As an occasional feature on TELOSscope, we highlight a past Telos article whose critical insights continue to illuminate our thinking and challenge our assumptions. Today, J. F. Dorahy looks at Georg Lukács’s “The Dialectic of Labor: Beyond Causality and Teleology,” from Telos 6 (Fall 1970).
Georg Lukács’s essay “The Dialectic of Labor” belongs to the last period of his life and was composed in the context of the so-called “renaissance of Marxism”: a movement, beginning in the mid-1950s, within several of the Eastern Bloc nations—most notably Hungary, Poland, and the former Yugoslavia—that sought to re-energize the humanistic dimensions of Marxism suppressed by the enforcement of orthodoxy. Lukács’s substantive contribution to the “renaissance of Marxism” took the form of two enormous projects: a Marxist ontology (Zur Ontologie des gesellschaftichen Seins) and a systematic aesthetics (Die Eigenart des Ästhetischen). Although Lukács’s relationship to “dialectical and historical materialism” remains complex, “The Dialectic of Labor” stands as a reflection of this humanistic tendency inasmuch as it, by way of an ontological elucidation of the “philosophy of praxis,” emphasizes the functional role of subjectivity as a constitutive moment in the social-historical process.
Lukács’s argument here crystallizes into two interconnected motifs: the antimony of teleological and causal ontologies; and the formal structure of labor itself. Concerning the former, Lukács finds its genesis in the philosophical and theological positioning of teleology as an objective, or “cosmological,” category. Philosophers such as Aristotle and Hegel, no less than innumerable theologians, and “everyday” thinkers, have understood natural, historical, and spiritual reality from a teleological perspective. “Objective teleology” has the property, Lukács argues, of imbuing reality with meaning by virtue of its origin in the projected intention of a more or less “conscious initiator.” Here one might think of the Hegelian “world spirit” or the Judeo-Christian God. Unlike a causal sequence, a teleological project by definition remains within the purview of its creator. Here one finds the existential basis of the teleological impulse; that is, the definitively human question “why?” finds, within a teleological worldview, a ready made answer:
In considering teleology as an objective, ontological category, we must emphasize religious thought. While causality is a self-based principle of self-movement which maintains this character even if a causal chain begins with a conscious act, teleological is essentially a projected category: every teleological process maintains a goal-orientation through a goal-orientated consciousness. . . . The teleological apprehension of nature does not refer only to its purposefulness or its orientation toward a goal. It also means that its existence and both its partial and total movement as a process must have a conscious initiator. (163)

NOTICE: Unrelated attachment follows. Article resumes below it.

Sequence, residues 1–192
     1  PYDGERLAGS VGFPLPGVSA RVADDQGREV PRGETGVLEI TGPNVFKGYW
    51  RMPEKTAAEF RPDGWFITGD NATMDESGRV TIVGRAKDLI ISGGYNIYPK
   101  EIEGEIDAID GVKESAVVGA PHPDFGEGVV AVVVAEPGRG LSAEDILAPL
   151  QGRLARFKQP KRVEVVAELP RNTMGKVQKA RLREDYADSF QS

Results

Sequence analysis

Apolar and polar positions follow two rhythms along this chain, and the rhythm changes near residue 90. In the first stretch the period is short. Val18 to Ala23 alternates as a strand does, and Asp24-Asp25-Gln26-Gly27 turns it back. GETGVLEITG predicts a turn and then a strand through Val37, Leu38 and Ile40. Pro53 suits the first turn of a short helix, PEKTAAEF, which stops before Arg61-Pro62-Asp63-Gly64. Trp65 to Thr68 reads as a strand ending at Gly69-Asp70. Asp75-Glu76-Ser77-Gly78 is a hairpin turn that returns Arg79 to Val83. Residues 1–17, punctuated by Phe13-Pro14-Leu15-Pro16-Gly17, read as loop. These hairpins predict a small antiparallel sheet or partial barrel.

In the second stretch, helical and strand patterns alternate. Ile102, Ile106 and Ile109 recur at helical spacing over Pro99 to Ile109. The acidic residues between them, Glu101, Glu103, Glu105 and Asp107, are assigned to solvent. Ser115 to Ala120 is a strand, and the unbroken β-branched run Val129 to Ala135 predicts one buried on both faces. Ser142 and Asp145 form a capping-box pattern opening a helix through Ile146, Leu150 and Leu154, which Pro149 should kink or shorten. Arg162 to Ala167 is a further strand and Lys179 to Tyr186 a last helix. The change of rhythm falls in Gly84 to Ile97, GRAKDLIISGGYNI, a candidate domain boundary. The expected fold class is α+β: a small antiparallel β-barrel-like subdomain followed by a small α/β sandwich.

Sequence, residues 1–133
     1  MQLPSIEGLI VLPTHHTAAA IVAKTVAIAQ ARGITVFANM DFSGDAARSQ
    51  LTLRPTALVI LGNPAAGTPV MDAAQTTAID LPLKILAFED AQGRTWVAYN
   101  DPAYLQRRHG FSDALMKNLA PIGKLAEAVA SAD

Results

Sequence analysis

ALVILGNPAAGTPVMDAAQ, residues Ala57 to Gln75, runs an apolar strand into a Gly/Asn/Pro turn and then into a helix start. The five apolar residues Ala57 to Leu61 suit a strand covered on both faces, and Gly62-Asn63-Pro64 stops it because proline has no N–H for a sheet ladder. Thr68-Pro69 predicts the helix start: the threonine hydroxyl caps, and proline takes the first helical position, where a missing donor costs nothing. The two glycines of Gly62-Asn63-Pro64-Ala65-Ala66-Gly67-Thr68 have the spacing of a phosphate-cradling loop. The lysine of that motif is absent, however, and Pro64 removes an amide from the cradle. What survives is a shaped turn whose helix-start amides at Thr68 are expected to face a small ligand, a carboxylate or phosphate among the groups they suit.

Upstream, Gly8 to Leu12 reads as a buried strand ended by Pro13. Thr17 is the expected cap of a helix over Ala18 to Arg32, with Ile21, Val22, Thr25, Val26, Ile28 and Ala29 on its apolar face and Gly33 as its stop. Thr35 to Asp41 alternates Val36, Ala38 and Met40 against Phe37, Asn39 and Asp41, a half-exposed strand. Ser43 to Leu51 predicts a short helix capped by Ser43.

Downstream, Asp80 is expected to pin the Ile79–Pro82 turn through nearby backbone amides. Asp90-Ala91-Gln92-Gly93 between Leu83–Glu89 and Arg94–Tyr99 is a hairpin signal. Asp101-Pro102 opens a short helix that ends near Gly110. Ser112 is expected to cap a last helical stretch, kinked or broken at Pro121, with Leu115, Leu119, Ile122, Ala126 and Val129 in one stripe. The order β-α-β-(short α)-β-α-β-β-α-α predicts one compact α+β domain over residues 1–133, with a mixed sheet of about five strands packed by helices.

By positing teleology in objective terms, thinkers such as Aristotle and Hegel instantiate an inevitable conflict between the teleological and causal methods of explanation. Lukács goes on to argue that it is only with Marx, and his identification of labor as the sole domain of material teleology, that the antimony between teleology and causality is resolved. Despite being strongly influenced by the philosophical systems of Aristotle and Hegel, Lukács is quite critical of both thinkers in this regard: Aristotle and Hegel understand the labor process as teleological, however, the teleology of labor, for these thinkers, is but one moment within a homogeneous teleological worldview. Thus, Lukács argues, Aristotle and Hegel, by understanding labor as a particular manifestation of a universal teleology, fail to comprehend the specificity of the structure of human labor. Marx’s insight was not simply to have “discovered” the teleological character of labor, but rather, lies in his fundamental reduction of teleological processes to instances of human activity. Otherwise stated, it was Marx, Lukács insists, who first recognized the ontological novelty of labor:
Marx’s rigorous and exactly defined relegation of teleology to labor (to social praxis) eliminating it from all other forms of being, does not limit its scope. On the contrary, its significance grows through the insight that social being, the highest level of being known to us, is originally constituted through this actual teleological force active within it. It emerges from organic life, the level upon which it is based, by developing into a new and independent form of being. We can rationally speak of social being only if we comprehend that its genesis, its becoming distinct from its basis and the emergence of its reliance upon labor, is a function of the continuous realization of teleological projects. (165–66)